When my two oldest were involved in a local play, Narnia, I first made the connection between a reliable quote generator and the author, philosopher, Christian, man. That was almost 20 years ago.
Since then I've read to my children the Narnia series several times and I have consumed many more of his works. C.S. Lewis is still misunderstood amongst the secular community, as this Times article demonstrates.
They focus on his marketability. Why is C.S. Lewis still generating cash for us? They laud his enduring popularity, neglect his basic message, and go to great lengths to find logical loopholes for which to justify their own dismissive attempts on the baseline Christian message.
By baseline Christian message I mean that although he was a converted Anglican, he tried to avoid most doctrinal entanglements.
Here Oppenheimer quotes Mr. Maudlin, an executive editor at HarperOne, who admits as much but as puzzlement:
"Mr. Maudlin became an evangelical Protestant after reading Lewis in college. “But you meet Mormons or Catholics, and their favorite author might be C. S. Lewis,” he said."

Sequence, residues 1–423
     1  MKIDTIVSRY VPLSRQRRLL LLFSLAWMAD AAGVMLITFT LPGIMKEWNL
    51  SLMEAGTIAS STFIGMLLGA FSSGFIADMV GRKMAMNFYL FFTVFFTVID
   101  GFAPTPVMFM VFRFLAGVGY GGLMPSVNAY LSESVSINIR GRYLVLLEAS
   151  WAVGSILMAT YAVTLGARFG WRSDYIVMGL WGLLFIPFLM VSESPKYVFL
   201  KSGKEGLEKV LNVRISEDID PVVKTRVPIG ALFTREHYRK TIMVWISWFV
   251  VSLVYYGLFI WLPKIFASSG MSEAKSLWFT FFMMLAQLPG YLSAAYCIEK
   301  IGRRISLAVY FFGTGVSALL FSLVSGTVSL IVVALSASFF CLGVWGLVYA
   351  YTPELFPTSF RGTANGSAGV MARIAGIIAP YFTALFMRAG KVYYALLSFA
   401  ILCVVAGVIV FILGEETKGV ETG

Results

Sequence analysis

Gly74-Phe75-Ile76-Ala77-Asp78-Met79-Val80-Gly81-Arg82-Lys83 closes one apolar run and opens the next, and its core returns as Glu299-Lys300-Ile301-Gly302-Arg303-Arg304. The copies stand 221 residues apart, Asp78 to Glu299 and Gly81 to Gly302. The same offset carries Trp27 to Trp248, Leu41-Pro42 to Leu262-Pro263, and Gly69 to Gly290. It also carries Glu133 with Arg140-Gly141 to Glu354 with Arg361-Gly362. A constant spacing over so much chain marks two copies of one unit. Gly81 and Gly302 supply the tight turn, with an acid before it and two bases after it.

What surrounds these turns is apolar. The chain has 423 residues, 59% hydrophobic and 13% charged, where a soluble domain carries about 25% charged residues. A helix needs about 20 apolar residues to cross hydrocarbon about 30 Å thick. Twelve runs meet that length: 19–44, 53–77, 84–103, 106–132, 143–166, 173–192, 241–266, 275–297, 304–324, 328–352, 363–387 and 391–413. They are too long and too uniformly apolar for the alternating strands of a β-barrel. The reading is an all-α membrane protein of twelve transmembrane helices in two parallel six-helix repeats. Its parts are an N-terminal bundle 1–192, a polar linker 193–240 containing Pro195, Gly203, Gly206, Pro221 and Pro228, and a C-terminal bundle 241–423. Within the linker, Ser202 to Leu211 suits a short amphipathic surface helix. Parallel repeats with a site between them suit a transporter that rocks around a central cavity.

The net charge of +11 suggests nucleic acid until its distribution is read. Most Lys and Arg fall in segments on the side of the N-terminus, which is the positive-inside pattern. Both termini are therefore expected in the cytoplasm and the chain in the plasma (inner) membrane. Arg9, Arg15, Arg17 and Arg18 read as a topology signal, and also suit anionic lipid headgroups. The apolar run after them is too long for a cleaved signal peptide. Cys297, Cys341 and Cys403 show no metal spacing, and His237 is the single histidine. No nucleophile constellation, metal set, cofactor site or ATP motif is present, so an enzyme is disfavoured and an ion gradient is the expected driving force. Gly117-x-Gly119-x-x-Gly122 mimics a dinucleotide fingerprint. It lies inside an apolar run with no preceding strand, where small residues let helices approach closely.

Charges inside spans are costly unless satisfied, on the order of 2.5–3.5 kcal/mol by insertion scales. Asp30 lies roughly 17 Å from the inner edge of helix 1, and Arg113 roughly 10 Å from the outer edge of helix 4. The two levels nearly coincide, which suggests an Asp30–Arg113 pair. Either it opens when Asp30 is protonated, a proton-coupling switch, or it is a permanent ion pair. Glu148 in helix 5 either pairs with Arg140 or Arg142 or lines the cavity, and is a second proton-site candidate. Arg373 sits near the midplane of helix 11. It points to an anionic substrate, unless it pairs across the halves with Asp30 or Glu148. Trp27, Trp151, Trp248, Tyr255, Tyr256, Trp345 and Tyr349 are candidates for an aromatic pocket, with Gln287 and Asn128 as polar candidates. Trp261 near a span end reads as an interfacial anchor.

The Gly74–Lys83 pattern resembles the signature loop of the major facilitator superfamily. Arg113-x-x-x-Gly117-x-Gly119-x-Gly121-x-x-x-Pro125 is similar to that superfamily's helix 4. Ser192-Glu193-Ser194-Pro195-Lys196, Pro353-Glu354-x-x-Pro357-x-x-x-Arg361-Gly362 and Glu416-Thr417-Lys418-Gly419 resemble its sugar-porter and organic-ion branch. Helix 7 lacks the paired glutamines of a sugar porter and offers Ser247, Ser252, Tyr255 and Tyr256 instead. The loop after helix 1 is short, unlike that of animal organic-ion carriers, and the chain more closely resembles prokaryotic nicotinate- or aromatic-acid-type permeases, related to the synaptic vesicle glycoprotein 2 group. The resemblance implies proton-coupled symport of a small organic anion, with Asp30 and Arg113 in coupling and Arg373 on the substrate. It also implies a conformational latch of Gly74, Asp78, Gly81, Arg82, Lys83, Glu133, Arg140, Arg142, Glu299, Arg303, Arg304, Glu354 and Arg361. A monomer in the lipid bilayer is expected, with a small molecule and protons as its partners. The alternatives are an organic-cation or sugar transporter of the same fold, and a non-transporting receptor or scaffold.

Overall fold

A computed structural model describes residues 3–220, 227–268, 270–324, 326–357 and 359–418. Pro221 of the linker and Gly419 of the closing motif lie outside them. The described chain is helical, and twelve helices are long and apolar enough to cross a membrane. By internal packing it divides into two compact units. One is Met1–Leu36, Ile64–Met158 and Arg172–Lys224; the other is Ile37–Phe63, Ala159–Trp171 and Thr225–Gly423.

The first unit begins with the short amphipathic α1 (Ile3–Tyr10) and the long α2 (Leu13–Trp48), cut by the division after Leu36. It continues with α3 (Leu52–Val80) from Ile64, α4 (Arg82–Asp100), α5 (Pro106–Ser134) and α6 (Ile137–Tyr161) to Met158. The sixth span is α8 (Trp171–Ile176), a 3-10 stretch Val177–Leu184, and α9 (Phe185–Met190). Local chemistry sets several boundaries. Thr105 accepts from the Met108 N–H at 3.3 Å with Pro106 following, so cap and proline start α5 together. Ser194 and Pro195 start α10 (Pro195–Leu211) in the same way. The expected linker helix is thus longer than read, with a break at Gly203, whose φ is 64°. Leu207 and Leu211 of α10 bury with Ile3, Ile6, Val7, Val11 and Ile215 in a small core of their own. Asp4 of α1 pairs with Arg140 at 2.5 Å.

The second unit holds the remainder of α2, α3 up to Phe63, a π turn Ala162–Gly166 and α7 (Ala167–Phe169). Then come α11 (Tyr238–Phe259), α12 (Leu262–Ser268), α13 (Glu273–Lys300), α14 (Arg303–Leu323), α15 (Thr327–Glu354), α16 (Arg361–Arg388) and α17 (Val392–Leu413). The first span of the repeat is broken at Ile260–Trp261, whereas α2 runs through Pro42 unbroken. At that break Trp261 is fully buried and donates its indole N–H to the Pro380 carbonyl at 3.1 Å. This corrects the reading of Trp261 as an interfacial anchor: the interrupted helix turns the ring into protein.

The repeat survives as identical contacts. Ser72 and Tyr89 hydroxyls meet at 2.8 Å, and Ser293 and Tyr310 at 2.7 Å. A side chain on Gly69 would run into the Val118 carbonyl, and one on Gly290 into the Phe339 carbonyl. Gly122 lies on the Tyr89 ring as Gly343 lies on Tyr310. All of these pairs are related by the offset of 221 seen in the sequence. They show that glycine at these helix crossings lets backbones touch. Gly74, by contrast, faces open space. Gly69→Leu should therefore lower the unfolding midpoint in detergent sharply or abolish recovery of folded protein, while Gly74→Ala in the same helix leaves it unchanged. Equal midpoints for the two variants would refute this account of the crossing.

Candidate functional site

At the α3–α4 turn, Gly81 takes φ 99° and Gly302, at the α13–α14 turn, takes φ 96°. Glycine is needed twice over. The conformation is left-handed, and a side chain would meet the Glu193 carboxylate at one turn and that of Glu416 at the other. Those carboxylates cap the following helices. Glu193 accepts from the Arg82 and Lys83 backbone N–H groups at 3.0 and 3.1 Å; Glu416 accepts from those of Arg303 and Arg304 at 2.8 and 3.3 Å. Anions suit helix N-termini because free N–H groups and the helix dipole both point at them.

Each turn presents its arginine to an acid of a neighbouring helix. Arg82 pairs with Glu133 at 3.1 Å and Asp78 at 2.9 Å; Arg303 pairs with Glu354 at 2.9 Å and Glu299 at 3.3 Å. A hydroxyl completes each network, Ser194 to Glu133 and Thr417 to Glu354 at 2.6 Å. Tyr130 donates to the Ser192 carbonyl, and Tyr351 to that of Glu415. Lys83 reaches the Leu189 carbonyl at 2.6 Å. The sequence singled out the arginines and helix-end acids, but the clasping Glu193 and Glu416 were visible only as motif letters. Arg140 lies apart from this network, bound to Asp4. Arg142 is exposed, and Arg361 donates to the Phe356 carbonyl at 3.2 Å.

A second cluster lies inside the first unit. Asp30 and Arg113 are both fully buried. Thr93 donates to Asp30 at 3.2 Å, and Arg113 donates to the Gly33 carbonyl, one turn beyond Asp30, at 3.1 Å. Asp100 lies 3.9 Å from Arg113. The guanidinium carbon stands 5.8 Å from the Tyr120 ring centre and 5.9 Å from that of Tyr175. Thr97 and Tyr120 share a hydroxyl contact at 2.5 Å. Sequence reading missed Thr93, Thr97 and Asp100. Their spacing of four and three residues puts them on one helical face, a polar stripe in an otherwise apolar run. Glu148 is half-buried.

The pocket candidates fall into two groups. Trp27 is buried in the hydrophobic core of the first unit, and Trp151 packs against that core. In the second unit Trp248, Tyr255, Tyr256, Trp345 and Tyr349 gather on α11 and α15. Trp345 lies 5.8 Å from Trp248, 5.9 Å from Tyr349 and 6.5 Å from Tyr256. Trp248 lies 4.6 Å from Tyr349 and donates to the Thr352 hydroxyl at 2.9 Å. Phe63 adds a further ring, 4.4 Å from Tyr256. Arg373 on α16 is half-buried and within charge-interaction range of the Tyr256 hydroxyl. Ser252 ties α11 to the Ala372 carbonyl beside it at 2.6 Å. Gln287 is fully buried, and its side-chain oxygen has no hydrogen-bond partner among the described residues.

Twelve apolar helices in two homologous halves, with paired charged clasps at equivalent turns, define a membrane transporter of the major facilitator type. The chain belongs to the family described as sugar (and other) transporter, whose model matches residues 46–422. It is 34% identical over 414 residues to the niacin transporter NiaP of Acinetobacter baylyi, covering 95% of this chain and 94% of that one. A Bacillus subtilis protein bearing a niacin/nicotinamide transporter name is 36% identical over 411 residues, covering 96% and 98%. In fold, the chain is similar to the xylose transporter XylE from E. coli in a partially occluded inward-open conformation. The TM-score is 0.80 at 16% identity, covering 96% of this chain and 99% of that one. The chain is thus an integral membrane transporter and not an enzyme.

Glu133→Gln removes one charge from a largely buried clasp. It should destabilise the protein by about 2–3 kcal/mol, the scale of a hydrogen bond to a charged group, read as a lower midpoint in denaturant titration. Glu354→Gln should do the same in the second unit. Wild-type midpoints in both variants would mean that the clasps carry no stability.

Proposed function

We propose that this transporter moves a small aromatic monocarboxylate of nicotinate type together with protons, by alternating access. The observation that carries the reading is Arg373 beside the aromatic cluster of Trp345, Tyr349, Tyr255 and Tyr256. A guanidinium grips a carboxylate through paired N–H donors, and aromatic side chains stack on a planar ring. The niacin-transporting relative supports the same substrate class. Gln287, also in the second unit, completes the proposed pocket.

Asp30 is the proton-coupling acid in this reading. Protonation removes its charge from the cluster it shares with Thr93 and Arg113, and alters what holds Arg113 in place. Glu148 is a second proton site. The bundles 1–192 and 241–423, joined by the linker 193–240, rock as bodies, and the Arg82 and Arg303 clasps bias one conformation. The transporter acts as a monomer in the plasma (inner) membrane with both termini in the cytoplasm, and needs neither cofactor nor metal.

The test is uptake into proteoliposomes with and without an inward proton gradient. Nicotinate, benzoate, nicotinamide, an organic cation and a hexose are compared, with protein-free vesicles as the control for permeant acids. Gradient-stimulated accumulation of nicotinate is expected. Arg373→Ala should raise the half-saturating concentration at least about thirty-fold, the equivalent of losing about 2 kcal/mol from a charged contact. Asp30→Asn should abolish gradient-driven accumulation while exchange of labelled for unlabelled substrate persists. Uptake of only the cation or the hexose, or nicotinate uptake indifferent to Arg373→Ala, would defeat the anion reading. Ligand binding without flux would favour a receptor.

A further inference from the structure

The point is, C.S. Lewis outlined a basic Christian set of ideas and standard of behavior as set forth in scripture. There must be something more complicated here, how could this generate commercial demand, C.S. Lewis manage to package Christianity into something that most people can agree on? This is what drives those people nuts!
The one point that C.S. Lewis returns to is that either Jesus is who he says he is, or he is mad, or evil.
That is where this article seems to intentionally deviate. It is a point that just cannot be left alone.
In “Mere Christianity,” Lewis writes of Jesus: “I am trying here to prevent anyone saying the really foolish thing that people often say about Him: ‘I’m ready to accept Jesus as a great moral teacher, but I don’t accept His claim to be God.’ That is the one thing we must not say. A man who was merely a man and said the sort of things Jesus said would not be a great moral teacher. He would either be a lunatic — on a level with the man who says he is a poached egg — or else he would be the Devil of Hell.”
This famous passage does not, on a second read, make much sense. After all, could not a great moral teacher have messianic delusions? But on a first read, it is quite persuasive, and classic Lewis. It is clear, confident and a bit humorous, and it offers a stark choice as it firmly suggests the right answer.
This concept cannot be left alone. It IS the great stumbling block and rock of offense. And, Oppenheimer's totally weak response, "could not a great moral teacher have messianic delusions?"